Better Be

I wrote this column for a local newspaper last month, and I intended for there to be a sequel. However, the sequel met with a little resistance from my Brain Trust (and rightly so) and it wasn’t deemed proper for a newspaper. So, I’ll post it here instead:


Better Be

My wife and I have been discussing more and more, as many in our age group have had to do in these troubled times, the idea of whether or not it would be feasible (both logistically and financially) to bring a child into this world. If we were to do so, or if blind fortune would smile down upon us and suddenly grant us the means to do so, it has occurred to me that I would suddenly be responsible for the life, prosperity, and overall wellbeing of a human being, particularly if the child in question turned out to be male. When last we met, I spoke about how we as a country need to “Be Better,” and this time, as the main male role model of a hypothetical person’s life, I will be talking about everything the future John Leitzen III had “Better Be.”

First and foremost, John, you had better be strong. It’s a rough world out there, and it doesn’t look like it’s about to get any smoother for us, or our country, or our world, and so you will need some significant fortitude to make it through to a successful adulthood. You will need the strength to be honest, generous, kind, and loyal… but most importantly you will need to be strong enough to turn around and immediately plunge a knife into the living heart of each of those aspects when the need should arrive. It’s not a dog-eat-dog world anymore, it’s a dog-eat-dog-and-bone-and-skin-and-fur-and-consumes-the-very-soul-and-essence-of-dog world… and you had better be strong enough to not only be good, but to know just when exactly to be a little bit evil, or you will not survive.

Second, my son, you had better be smart… and I don’t mean smart in a conjugating verbs, quadratics in your head, knowing the name of Robert E. Lee’s horse kind of smart. I don’t care if you dig ditches or perform heart transplants, but whatever you do, you had darn well better be smart at it. This is a world where you can’t even mow lawns without some sort of certificate or degree, so Jack will have to leave All Trades at home and focus on being a Master of One, the smartest possible ditch-digger/heart surgeon that walks on the surface of the scalded Earth. What’s more, John, and what is crucial, is that you had better be smart enough to know exactly when to shut up and fly right, even in the face of obvious incompetence, or you will find yourself marginalized in an overpriced rental for the rest of your days.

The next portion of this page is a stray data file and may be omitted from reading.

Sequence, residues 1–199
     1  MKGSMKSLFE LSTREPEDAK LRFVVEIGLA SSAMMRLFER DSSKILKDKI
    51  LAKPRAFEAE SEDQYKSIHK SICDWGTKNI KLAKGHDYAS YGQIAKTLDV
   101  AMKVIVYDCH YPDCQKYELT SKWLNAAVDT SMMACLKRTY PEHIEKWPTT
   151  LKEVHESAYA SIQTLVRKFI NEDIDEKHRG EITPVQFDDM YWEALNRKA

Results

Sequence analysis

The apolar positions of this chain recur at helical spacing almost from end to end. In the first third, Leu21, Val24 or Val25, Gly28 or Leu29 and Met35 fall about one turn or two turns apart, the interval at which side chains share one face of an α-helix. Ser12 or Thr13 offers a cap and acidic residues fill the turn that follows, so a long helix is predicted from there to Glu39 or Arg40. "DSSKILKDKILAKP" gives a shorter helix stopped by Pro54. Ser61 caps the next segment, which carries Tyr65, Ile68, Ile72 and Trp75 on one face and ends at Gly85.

Lastly, young Johann, you had better be just plain better. It doesn’t matter what you do, why you do it, or how you choose to, but you had better make sure that you are the best, and if you are not, then you’d best be the best at making sure everyone else at least thinks you’re the best. Forget the steak, focus on sizzle. Bewitch them with words and paint yourself as the reincarnated spirit of Rockefeller, Ford and Carnegie with, of course, a firm grasp of social media. However, if you happen to be the best or better than your competition, son, you’ll need to learn to only be better, not best. Best will get you fired, will leave you alone in the break room, or see your chances at advancement dissolve. You’ll need to lie that you are the best, but take care to make sure you actually are not the best. It will be difficult, my son, and that is why I am telling you this now. If you don’t learn these lessons early, it will be too late.

I will have to push you. I will have to challenge you. I will have to make sure that you simply are better, because Johnny, I don’t want you sitting at home on a Sunday afternoon at twenty-eight years of age thinking that your professional career has already peaked by way of a part-time position you held two years ago, and it’s all downhill from there. You may have heard people talk about the Chinese “Tiger Parents,” to which I will only scoff and tell you to keep practicing your Mandarin. I will not be a tiger; I will be a Chimera. A Manticore. I’ll be a Which-What-Who, because I see what problems can come when you get soft, John. When you think it will be easy so you slack off a little in college, or you take it easy as early as high school. I know what havoc that will wreak on you, and your partner, further along in the future… and knowing that now I cannot bear to put my own son through that.
So, sleep well, Jacky-Boy. Tomorrow, you’ll start Kindergarten, and I will make doubly sure that you are the smartest child in that class. Or, at least, you better be.

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